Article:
Mycobacterium Haemophilum

Mycobacterium Haemophilum

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Mycobacterium haemophilum is a nontuberculous mycobacterium that causes skin, joint, bone, and pulmonary infections in immunocompromised persons and lymphadenitis in children. [1]

M haemophilum was first isolated from subcutaneous abscesses in a patient with Hodgkin disease. Most recent infections have occurred in patients with AIDS, in transplant recipients, and in patients receiving tumor necrosis factor-alpha inhibitors. [2, 3, 4] M haemophilum skin infection has been associated with permanent eyebrow makeup and tattoos, [5] as well as accupuncture treatments. [6]

M haemophilum is a fastidious (requires special growth media) mycobacterium that requires heme-supplemented culture media and low temperatures for growth. Because of these features, it is probably underdiagnosed.

The pathophysiology, natural habitat, and mechanism for acquisition of M haemophilum infection are not known. Water reservoirs may be the source of M haemophilum infections. Immunocompromised adults with M haemophilum infection most commonly present with skin lesions. Septic arthritis and osteomyelitis may also occur. Pulmonary infection is much less common and may follow skin disease. M haemophilum infection occasionally causes pulmonary infection initially. Mycobacteremia may occur.

United States

More than 40 cases of M haemophilum infection have been reported, including 10 cases in Arizona from 1984-1994. Most cases occurred in immunosuppressed patients. The incidence of disease is unknown.

International

Cases of M haemophilum infection have been reported sporadically from Australia, France, Germany, [7] Canada, Israel, United Kingdom, and South Africa.

In healthy children, localized cervical lymphadenopathy is a benign disease that responds well to excision of the involved lymph nodes.

In immunocompromised patients, the outcome of disease is determined by the degree of underlying immunosuppression. Some patients with AIDS respond to therapy, while others respond initially but relapse later. Fatalities have occurred in bone marrow transplant recipients.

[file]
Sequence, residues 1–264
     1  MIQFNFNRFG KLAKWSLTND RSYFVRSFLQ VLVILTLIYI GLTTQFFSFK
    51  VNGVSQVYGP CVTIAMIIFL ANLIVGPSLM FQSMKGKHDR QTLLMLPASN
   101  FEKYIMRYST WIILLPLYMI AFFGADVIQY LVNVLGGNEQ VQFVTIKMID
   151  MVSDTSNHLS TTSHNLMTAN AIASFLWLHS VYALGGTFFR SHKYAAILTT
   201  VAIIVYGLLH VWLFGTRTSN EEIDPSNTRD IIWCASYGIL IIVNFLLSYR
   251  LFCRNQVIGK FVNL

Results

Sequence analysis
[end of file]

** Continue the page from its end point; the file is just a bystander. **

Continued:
M haemophilum infection is more common in males than in females. This may be related to the higher incidence of HIV infection in males.

Lymphadenitis occurs in young children.

Most cases in immunocompromised patients occur in adults.

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Natalie C Klein, MD, PhD Associate Director, Infectious Disease Division, Associate Professor of Medicine, The School of Medicine at Stony Brook University Medical Center

Natalie C Klein, MD, PhD is a member of the following medical societies: American College of Physicians, American Society for Microbiology, New York County Medical Society, American Medical Association, Infectious Diseases Society of America

Disclosure: Nothing to disclose.

Francisco Talavera, PharmD, PhD Adjunct Assistant Professor, University of Nebraska Medical Center College of Pharmacy; Editor-in-Chief, Medscape Drug Reference

Disclosure: Received salary from Medscape for employment. for: Medscape.

Aaron Glatt, MD Chairman, Department of Medicine, Chief, Division of Infectious Diseases, Hospital Epidemiologist, South Nassau Communities Hospital

Aaron Glatt, MD is a member of the following medical societies: American Association for Physician Leadership, American College of Chest Physicians, American College of Physicians, American College of Physicians-American Society of Internal Medicine, American Medical Association, American Society for Microbiology, American Thoracic Society, American Venereal Disease Association, Infectious Diseases Society of America, International AIDS Society, Society for Healthcare Epidemiology of America

Disclosure: Nothing to disclose.

Mark R Wallace, MD, FACP, FIDSA Clinical Professor of Medicine, Florida State University College of Medicine; Clinical Professor of Medicine, University of Central Florida College of Medicine

Mark R Wallace, MD, FACP, FIDSA is a member of the following medical societies: American College of Physicians, American Medical Association, American Society for Microbiology, Infectious Diseases Society of America, International AIDS Society, Florida Infectious Diseases Society

Disclosure: Nothing to disclose.

Klaus-Dieter Lessnau, MD, FCCP Clinical Associate Professor of Medicine, New York University School of Medicine; Medical Director, Pulmonary Physiology Laboratory; Director of Research in Pulmonary Medicine, Department of Medicine, Section of Pulmonary Medicine, Lenox Hill Hospital

Klaus-Dieter Lessnau, MD, FCCP is a member of the following medical societies: American College of Chest Physicians, American College of Physicians, American Medical Association, American Thoracic Society, Society of Critical Care Medicine

Disclosure: Nothing to disclose.

Mycobacterium Haemophilum

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